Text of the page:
Like white winged water bugs.
They wait for them to come,
All in white cotton and amber leather.
Later these women strip the long, red polo wraps
From the horse’s legs,
And wrap them into small soft balls;
hand them to their men, drinking,
Changed now, into darker clothes.
Everyone has played polo.
Your ancestors played polo.
If they did not physically swing the bamboo;
hear the crack of the willow root,
they felt, because everyone does
what it is to sit atop force and beauty,
and never absolutely have control.
They hurtled at a target
they could not be certain would remain
or they would be able to hit.
Your children will play polo.
There is nothing you can do to stop this.
Teach them to swing,
even cocksure, wide and wild,
striking the ground into explosion.
In Manipuri there is a polo god
Born in the waves of timeless hooves,
a tiny planetary body
rocketing through space.
There was chaos then
as the fancy grew into war;
a fountain of flesh and hair,
swinging arms and sharp feet,
momentous and dangerously free.
Then one pony turned
and saw in the ball what the people saw,
perhaps what it wanted,
to be perfect, balanced, and brightly colored.
I am a borrowed groom,
and cannot make the unfamiliar, freckled horse,
quit orbiting me, tireless and proud.
Try as I might to stand still,
I sway with the motion.
When his rider comes,
Our horses meet,
Leaping like startled water birds
From a green pond,
And the mallets bend like cattails
He and his rider are gone again,
and I am holding a new, used horse,
Sopping and panting,
Already turning circles around me
even as I drag her from the tide.
we understood how ancient the game was,
but it meant so much less than
hanging the steaming blankets,
reds, yellows, blues like a drawn sunset;
dipping frosted hands into buckets,
the ice already crawling across the puddles
outside, reflecting, what?
A moon, almost full in the curious silence,
except for the swish of thin horse tails;
the dust hanging like wind chimes,
Perhaps there is perfection in the end,
In the antique art of cleaning leather,
sponges in slow circles of preservation,
The bit was a surprise,
the saddle, with its wooden spine,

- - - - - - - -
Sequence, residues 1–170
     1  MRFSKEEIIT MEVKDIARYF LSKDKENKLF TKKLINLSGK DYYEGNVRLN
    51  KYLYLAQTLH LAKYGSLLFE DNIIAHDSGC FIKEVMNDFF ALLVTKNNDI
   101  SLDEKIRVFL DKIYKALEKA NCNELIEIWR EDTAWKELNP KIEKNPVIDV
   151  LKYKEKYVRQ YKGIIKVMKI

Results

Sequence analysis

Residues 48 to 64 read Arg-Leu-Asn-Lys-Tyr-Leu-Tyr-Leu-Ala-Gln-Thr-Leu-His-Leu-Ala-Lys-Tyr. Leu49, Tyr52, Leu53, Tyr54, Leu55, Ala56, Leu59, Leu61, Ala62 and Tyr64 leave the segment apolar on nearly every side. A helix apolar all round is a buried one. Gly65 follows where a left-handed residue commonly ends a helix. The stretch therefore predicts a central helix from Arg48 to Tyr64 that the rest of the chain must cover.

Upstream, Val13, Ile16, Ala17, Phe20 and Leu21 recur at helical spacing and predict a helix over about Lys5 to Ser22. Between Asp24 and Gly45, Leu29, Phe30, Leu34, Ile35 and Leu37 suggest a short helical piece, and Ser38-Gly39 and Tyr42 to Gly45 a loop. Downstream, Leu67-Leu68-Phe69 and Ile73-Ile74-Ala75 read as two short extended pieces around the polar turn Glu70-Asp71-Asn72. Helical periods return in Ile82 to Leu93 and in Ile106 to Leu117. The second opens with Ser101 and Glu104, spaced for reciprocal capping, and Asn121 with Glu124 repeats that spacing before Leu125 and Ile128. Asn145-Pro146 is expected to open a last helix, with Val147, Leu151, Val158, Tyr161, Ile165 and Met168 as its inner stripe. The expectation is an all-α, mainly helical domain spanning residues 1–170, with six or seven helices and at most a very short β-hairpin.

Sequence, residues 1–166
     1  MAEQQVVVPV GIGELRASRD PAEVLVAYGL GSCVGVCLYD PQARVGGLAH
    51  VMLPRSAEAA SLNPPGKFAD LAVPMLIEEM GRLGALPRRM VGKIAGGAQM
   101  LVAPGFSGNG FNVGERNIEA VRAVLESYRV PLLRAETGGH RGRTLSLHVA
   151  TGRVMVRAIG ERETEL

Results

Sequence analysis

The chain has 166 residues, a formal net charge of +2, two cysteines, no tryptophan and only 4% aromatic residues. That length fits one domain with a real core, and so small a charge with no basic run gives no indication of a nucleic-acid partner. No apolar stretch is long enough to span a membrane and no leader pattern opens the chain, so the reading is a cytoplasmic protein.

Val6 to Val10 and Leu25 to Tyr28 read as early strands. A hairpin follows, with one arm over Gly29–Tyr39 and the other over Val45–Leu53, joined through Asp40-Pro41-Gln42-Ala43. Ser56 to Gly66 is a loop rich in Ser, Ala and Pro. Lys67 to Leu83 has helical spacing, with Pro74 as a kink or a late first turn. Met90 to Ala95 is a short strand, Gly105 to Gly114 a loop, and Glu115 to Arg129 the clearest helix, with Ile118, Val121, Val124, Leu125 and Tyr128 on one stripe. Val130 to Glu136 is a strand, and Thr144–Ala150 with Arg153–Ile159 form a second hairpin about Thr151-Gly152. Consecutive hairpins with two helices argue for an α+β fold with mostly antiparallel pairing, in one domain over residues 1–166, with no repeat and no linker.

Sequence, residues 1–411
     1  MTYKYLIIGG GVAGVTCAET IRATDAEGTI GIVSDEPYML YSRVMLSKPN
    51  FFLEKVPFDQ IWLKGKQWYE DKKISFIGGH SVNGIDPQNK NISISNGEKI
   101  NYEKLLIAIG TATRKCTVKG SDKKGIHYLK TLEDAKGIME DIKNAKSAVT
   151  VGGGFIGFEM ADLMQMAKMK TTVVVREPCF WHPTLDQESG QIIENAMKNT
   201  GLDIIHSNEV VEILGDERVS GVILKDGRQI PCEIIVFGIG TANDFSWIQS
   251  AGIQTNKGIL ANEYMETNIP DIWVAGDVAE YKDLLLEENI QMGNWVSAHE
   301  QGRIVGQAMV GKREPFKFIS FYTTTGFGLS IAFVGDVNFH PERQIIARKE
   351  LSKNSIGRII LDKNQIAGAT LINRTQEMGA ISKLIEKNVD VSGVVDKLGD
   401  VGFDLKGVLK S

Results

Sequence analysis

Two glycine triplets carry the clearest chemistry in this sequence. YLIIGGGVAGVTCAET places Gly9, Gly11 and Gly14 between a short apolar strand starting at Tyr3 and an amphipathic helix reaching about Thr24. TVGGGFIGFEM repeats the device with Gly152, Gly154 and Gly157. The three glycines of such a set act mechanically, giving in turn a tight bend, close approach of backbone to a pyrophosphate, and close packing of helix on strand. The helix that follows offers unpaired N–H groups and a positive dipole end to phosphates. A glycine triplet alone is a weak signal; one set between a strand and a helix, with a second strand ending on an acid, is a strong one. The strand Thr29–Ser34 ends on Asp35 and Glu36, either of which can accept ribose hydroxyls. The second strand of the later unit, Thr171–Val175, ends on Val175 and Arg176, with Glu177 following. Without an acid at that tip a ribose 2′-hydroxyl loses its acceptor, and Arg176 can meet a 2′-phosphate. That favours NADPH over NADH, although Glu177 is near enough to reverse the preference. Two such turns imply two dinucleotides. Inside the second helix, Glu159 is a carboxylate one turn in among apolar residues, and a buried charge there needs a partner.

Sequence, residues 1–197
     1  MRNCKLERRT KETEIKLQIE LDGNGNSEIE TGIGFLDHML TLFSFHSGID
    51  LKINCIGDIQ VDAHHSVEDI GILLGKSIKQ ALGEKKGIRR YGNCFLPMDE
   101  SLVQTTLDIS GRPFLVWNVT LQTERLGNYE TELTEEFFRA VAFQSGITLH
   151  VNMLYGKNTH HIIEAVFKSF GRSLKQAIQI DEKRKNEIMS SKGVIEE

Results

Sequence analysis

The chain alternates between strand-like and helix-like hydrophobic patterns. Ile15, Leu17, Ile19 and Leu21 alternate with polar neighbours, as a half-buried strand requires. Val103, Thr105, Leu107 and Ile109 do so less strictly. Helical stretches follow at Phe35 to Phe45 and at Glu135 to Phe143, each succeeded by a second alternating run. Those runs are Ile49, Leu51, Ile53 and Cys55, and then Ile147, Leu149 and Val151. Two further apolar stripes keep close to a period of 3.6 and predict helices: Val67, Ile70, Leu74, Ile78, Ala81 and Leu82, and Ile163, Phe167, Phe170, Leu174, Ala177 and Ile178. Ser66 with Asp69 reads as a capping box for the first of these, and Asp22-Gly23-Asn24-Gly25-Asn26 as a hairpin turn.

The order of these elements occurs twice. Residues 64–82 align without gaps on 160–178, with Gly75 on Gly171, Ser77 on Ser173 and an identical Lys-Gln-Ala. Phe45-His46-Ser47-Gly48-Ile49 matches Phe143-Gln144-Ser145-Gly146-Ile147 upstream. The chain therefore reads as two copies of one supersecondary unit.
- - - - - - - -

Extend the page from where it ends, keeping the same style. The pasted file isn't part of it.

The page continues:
spider webs of leather,
beneath and between their legs
over, around their neck,
their fluttering ears
thick, flat foreheads.
Their tail was braided and taped.
Their legs were wrapped in red cloth,
and buckled rubber sheets.
It all seemed like so much fuss
to do what they were made for,
to fling one hoof before the other,
to carry that strange and careful being
who knew what to do.
In the hollow pavilion
after the crowds and professionals,
even the ice cream vendors,
have gone to their personal comforts
we remain, we grooms and trainers,
we cleaners and carriers.
We run silently round and round the ring,
playing in sandals and ruined boots and barefoot,
falling to our hands and knees,
driving the pounded sand into our skin,
with sticks, a soccer ball,
and speechless joy.
The horses, even, are sleeping.
The ball arches over our heads
and hands and mallets,
disappears over the wall
with a soft echo of conclusion.
Copyright 2009 by Leslie Anderson
The woman returns from the store with an armload of books. She reads them quickly, one by one, over the course of the next few weeks. But when she opens the last one, the woman frowns in surprise.
All the pages in the book are blank.
Every single one.
The woman takes the book back to the store, but the manager won’t let her return it.
Right there on the cover, the manager says, This book has no words and is non-returnable.
The woman is angry. She wouldn’t have bought the book if she’d known there were no words inside it. But the manager simply will not relent.
The woman leaves in a huff.
She throws the book in the trash.
A few days later, the woman sees a man reading the book on the subway. She gets mad; she screams across the crowded car--
There are no words inside, you can’t read it!
But the man is defensive.